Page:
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I feel that I didn't utilize the fact that A and B are disjoint in the proof below. Can anyone find the flaws in my proof?

Suppose $A$ and $B$ are disjoint sets.

Let $f : \mathcal P(A \cup B) \rightarrow \mathcal P(A) \times \mathcal P(B)$ be defined as $f (X) = (A \cap X) \times (B \cap X)$.

Let $C \subseteq A \cup B$ and $D \subseteq A \cup B$.

Suppose $f (C) = f (D)$.   From the definition of $f$, it follows that $(A \cap C) \times (B \cap C) = (A \cap D) \times (B \cap D)$.   This means $A \cap C = A \cap D$ and $B \cap C = B \cap D$.

Suppose $x \in C \subseteq A \cup B$.   If $x \in A$, then $x \in A \cap C = A \cap D \subseteq D$.   If $x \in B$, then $x \in B \cap C = B \cap D \subseteq D$.   Thus, $x \in D$.

Suppose $x \in D \subseteq A \cup B$. If $x \in A$, $x \in A \cap D = A \cap C \subseteq C$.   If $x \in B$, $x \in B \cap D = B \cap C \subseteq C$.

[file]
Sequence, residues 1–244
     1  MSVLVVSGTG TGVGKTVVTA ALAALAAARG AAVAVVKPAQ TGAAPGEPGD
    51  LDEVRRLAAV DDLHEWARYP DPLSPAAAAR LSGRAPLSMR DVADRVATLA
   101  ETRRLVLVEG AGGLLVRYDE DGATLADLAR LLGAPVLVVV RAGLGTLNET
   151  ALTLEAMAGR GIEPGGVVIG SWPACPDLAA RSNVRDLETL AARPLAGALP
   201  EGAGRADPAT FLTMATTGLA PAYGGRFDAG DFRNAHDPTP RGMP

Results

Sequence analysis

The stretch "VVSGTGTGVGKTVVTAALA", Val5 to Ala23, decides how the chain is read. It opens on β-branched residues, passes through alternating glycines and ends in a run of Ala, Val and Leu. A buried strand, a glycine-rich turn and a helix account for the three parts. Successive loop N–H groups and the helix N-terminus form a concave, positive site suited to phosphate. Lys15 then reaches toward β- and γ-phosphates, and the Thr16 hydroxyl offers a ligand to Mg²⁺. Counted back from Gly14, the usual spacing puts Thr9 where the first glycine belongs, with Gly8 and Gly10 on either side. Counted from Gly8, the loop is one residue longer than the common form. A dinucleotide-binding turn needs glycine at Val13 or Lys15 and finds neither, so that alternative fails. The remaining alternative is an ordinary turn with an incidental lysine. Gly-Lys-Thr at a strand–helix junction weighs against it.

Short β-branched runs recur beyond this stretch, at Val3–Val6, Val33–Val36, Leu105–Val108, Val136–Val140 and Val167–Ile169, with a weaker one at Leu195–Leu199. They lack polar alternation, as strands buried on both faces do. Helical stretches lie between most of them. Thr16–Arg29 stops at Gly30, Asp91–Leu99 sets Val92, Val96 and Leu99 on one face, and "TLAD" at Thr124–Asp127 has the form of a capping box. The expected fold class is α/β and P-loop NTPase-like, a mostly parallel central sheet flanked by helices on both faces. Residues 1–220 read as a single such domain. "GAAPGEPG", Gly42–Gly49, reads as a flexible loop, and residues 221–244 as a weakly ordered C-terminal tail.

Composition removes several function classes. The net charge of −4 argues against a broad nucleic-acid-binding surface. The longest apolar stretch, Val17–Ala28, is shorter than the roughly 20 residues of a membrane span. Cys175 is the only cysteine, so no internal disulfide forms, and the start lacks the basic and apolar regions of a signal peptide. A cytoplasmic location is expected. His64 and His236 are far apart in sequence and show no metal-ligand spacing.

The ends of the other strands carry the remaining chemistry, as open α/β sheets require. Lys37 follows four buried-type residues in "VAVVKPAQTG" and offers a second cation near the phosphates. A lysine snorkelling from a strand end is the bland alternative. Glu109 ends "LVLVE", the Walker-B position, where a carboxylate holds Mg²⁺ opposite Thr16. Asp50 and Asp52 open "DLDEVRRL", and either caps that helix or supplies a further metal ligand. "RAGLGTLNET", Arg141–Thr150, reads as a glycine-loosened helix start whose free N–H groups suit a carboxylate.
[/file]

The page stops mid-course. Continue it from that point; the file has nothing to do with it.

Therefore, $C = D$, and $f$ is one-to-one.

To prove $f$ is onto, let $D \subseteq A \times B$.   Let $C = \{ x \in A \cup B| \exists (a, b) \in D (x = a \vee x = b) \}$.   Then, $f (C) = D$.

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  • $\begingroup$ I formated the title using Latex. You would greatly increase your readability by adding more space. $\endgroup$ – Taladris Sep 18 '15 at 2:18
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    $\begingroup$ Well, one flaw is this: $U\times V=X\times Y$ need not indicate that $U=X$ and $V=Y.$ Take any two sets $U,Y,$ and let $V=X=\emptyset.$ $\endgroup$ – Cameron Buie Sep 18 '15 at 2:19
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    $\begingroup$ Also, I think you mean for $f(X)$ to yield an ordered pair, rather than a Cartesian product. That eliminates the previously-mentioned flaw. $\endgroup$ – Cameron Buie Sep 18 '15 at 2:21
  • $\begingroup$ Your $f$, after Cameron Buie's suggested modification, is the natural bijection. You may have a shorter proof by expliciting its inverse. $\endgroup$ – Taladris Sep 18 '15 at 2:23
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    $\begingroup$ By the way, +1 for showing what you did, and for listening to that little voice that said "Hey! There's a hypothesis you didn't use...." $\endgroup$ – Cameron Buie Sep 18 '15 at 2:33

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